Our cultural fixation on #RINGZ stems from a lack of appreciation for the basic math of a knockout sports tournament, such as the MLB playoffs. In a given season, there is only one championship available, no matter how many great teams or players there are to pursue it. A fifth-grade understanding of probability is all it takes to realize that an MLB team that makes it to the division series has about one chance in eight of winning the World Series and that a random franchise in a 30-team league will win the World Series once every 30 years. This year was the Dodgers’ eighth trip to the NLDS in as many years and marks 32 years since their last World Series victory.
Maybe it’s just their turn. Or maybe this project just had to succeed sooner or later. Since 2012, the Dodgers have been owned by Guggenheim Baseball Management, one of the richest ownership groups in the sport, and they’ve leveraged that financial might to build an on-field powerhouse in an age when even other big-market teams are cutting back. They were able to pick up Mookie Betts from the Red Sox in a salary-dump trade, then sign him to the second-richest contract extension in baseball history. Over the past decade they’ve thrown money at big-name free agents like Zack Greinke, kept important pieces like Kershaw, Kenley Jansen, and Justin Turner from leaving on the open market themselves, and threw $42 million at Yasiel Puig based on one scouting session.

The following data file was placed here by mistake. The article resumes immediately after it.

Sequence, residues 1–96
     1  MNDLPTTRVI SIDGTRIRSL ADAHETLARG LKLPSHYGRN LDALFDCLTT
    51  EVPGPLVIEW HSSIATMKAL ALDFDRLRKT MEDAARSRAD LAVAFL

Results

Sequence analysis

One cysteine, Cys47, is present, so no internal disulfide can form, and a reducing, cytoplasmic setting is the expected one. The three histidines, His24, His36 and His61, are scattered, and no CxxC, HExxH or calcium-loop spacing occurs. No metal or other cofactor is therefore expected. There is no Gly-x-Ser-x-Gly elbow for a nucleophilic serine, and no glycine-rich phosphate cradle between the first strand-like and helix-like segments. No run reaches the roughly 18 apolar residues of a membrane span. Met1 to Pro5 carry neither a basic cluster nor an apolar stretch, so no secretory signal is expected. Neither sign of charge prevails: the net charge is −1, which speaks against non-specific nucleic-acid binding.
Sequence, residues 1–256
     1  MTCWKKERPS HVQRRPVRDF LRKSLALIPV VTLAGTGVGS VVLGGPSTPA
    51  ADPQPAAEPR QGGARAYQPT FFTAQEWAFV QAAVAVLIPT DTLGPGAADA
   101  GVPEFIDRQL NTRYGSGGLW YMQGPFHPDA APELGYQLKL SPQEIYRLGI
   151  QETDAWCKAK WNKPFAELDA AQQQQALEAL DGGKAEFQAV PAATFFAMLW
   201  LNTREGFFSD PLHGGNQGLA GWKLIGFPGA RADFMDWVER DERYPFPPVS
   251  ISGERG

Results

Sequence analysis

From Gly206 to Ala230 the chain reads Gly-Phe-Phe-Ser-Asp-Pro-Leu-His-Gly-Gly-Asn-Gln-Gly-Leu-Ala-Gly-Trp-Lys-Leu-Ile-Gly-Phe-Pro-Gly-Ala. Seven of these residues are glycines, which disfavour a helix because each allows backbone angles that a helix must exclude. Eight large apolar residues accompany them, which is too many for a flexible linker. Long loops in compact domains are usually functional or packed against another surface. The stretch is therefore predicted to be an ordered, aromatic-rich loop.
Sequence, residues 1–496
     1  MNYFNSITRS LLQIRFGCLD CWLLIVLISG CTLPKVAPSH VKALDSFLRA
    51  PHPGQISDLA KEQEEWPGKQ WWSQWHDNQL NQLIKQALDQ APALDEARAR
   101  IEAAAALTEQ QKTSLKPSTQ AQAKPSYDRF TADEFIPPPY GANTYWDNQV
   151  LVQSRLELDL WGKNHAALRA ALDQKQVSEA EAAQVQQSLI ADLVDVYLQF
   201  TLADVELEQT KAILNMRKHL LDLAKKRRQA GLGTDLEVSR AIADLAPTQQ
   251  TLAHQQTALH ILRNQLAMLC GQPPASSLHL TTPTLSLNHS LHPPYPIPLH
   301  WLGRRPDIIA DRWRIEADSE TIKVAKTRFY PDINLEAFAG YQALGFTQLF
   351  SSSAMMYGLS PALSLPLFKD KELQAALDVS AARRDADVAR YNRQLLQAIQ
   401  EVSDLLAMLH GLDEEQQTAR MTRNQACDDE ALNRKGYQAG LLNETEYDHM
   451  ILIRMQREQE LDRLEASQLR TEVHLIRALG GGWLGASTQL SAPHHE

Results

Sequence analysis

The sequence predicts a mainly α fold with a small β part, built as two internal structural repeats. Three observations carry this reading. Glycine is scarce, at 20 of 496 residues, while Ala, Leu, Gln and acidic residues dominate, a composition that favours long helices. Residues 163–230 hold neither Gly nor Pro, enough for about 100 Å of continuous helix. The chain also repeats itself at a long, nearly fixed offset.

In the meantime the Dodgers have sustained what might be baseball’s best homegrown talent pipeline for 15 years and counting. Kershaw was just one of a class of prospects that hit big in the late 2000s, along with Matt Kemp and Russell Martin. And over the years, the Dodgers have shepherded Seager, Jansen, Cody Bellinger, Julio Urías, Walker Buehler, and countless others through the minors. That pipeline gave the Dodgers the freedom to let Yasmani Grandal, one of the best catchers in the world, leave as a free agent after the 2018 season and replace him with Will Smith, who might be even better. It allowed L.A. to trade for Betts and Manny Machado without scratching the surface of its minor league system.
As if that weren’t enough, the Dodgers have found stars in between the couch cushions. Turner, Max Muncy, and Chris Taylor had substantial track records of not being able to hit big-league pitching before they exploded in L.A. Jansen was a minor league catcher who became a closer with more than 300 career saves. Tony Gonsolin was a ninth-round pick who could win NL Rookie of the Year this year. Even the likes of Bellinger and Buehler are outperforming their most optimistic projections as prospects.
Even in an environment as random and unforgiving as the MLB playoffs, a team with this many resources and this much talent can only fail so many times in a row. The Dodgers have been bashing an expertly designed, billion-dollar machine against the wall of playoff bullshit since the likes of May, Gavin Lux, and Brusdar Graterol were in grade school and Kershaw barely had to shave. Is it just a matter of time before that machine breaks through? We’re one game from finding out.